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This day is traditionally short, because this one afternoon is at every meeting reserved for free time sightseeing. However, this does not mean that the day was uneventful. Just the opposite.
The opening session of the day was a tutorial session “Overview of 50 years of laboratory, animal and human studies” and the presentation was made by Bernard Veyret. The content of the talk was very superficial. It was obvious to expect it when someone has to review 50 years of EMF research in just well under one hour of time.
There were, however, few statements in Bernard’s talk that got mine, and not only mine, attention.
The first one was on thermal and non-thermal effects of RF exposures. When presenting microwave hearing effects on cochlea, Bernard said that it was a thermal effect even if the temperature increase is only a millionth part of a degree Celsius. After the talk, there was just one question from the audience, by Rene DeSeze, who, as I, wondered at this “thermal” classification. The response from Bernard was that it is a thermal effect because without the increase in temperature, it does not happen. Then, came a “shocker”, when Bernard said that defining non-thermal effects as effects where a temperature increase is less than one degree Celsius in useless. It means that Bernard, former member of ICNIRP, questioned the validity of ICNIRP’s way of distinguishing between thermal and non-thermal effects.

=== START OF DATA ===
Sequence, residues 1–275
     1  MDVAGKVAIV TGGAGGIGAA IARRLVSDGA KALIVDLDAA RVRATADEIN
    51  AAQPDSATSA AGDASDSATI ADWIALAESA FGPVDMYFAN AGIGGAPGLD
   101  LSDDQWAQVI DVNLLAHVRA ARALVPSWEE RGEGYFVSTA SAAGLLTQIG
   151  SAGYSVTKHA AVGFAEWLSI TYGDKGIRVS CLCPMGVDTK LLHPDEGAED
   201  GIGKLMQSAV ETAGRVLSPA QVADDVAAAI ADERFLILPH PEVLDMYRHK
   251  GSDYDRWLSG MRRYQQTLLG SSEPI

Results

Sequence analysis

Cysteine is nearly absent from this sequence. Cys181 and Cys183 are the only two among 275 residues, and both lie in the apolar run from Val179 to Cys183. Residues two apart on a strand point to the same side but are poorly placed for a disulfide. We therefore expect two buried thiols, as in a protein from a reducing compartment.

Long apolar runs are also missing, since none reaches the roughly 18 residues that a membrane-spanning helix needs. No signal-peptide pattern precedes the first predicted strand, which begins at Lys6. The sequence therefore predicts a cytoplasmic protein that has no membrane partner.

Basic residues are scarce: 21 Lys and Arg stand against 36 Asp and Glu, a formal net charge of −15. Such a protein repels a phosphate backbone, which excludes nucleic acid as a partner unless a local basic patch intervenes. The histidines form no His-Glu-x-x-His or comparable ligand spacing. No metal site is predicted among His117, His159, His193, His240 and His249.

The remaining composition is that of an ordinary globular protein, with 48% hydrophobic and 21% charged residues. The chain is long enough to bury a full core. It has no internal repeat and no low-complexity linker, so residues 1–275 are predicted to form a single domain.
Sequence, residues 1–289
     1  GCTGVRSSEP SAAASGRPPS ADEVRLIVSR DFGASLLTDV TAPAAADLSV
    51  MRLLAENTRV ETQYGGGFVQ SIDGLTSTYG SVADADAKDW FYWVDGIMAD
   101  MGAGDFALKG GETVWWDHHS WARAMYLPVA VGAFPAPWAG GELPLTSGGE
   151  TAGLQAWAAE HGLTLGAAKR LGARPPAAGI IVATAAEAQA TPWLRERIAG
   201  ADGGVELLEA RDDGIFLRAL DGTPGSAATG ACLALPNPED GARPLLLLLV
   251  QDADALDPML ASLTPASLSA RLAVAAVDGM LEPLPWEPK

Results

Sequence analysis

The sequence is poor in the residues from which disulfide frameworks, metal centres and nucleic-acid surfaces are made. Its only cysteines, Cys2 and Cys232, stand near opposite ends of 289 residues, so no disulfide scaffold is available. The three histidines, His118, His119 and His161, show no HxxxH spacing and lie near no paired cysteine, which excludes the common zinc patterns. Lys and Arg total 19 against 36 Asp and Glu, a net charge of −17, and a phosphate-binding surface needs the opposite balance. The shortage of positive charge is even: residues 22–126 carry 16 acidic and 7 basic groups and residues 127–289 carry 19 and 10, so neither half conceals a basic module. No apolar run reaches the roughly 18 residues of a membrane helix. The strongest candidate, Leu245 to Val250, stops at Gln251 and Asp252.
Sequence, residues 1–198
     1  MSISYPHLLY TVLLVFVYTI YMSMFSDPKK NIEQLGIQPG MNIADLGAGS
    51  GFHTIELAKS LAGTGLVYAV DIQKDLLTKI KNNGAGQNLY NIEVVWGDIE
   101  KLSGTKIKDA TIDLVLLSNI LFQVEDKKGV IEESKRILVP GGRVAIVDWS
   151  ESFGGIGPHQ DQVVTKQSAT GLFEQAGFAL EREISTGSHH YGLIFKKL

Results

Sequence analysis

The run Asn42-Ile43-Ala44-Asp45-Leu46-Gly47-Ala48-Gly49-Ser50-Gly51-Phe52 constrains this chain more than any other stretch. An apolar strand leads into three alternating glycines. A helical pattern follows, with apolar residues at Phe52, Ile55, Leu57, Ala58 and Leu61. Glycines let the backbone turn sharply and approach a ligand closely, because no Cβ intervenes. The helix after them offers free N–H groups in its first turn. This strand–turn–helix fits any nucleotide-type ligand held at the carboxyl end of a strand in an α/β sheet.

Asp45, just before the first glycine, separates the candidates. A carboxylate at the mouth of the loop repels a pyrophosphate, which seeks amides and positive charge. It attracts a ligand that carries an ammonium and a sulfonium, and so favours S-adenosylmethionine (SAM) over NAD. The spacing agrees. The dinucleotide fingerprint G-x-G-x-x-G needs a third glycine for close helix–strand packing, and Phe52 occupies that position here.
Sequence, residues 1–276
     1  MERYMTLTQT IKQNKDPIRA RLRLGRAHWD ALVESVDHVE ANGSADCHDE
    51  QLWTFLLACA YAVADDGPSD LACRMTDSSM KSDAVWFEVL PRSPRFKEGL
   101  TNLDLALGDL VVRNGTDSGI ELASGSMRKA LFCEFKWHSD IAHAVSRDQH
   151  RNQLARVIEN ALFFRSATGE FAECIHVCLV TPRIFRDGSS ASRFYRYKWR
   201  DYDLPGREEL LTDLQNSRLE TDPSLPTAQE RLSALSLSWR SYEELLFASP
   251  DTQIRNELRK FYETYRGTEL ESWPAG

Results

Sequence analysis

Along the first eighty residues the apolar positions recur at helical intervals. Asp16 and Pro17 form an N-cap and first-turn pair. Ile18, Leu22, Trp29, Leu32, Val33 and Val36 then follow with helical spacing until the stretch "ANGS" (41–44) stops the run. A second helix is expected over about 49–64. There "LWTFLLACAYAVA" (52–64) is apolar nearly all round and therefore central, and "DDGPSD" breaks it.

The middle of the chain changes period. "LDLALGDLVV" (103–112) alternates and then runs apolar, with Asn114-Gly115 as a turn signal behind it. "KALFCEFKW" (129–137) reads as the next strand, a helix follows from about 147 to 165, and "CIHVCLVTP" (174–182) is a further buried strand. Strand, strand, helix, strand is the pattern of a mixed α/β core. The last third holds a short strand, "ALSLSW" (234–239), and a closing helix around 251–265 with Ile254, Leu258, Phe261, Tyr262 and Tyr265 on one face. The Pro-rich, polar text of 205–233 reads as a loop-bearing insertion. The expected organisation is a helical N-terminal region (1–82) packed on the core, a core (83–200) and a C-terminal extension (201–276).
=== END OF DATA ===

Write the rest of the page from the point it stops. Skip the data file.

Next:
I agree with Bernard. Attempts, to classify effects as thermal and non-thermal, are useless, unless really strong heating happens; strong enough to overwhelm the thermoregulatory mechanisms of a living organism.
Important is whether EMF exposure, at levels below the safety standards, causes a measurable biological effect. Apparently, depending on the situation the very minute change in temperature (a millionth part of degree) can induce a measurable effect – e.g. on the cochlea.
The other interesting statement concerned omics techniques of research. Bernard stated that the future lies in the application of omics techniques in EMF research. To me, it shows how much Bernard’s attitude towards this kind of research has changed over the years. I vividly remember, in 2003 at the WHO EMF Project meeting to revise the research agenda, during the coffee break discussion Bernard said that epidemiology was the only research that can provide answers about health effects of cellphone exposures. He did not like my approach, proteomics (my group just published in 2002 first study on stress response using proteomics) and called it a fishing expedition without a hypothesis to examine. The same repeated in 2007, at the meeting at the National Academies in Washington, DC. There, however, I had a strong defender of my idea of using proteomics and other omics techniques – Joe Roti Roti.
Over the last 10 years Bernard, in my opinion, came to his senses and finally acknowledged that use of omics in necessary in order to find out.
Finally, bad news for EHS. Bernard, speaking about EHS, mentioned that some week ago was meeting at the WHO in Geneva where EHS was debated. The conclusion of this meeting was that 44 of the EHS studies were negative… Meaning, there is no causal link between EHS and EMF, at least in WHO, Geneva…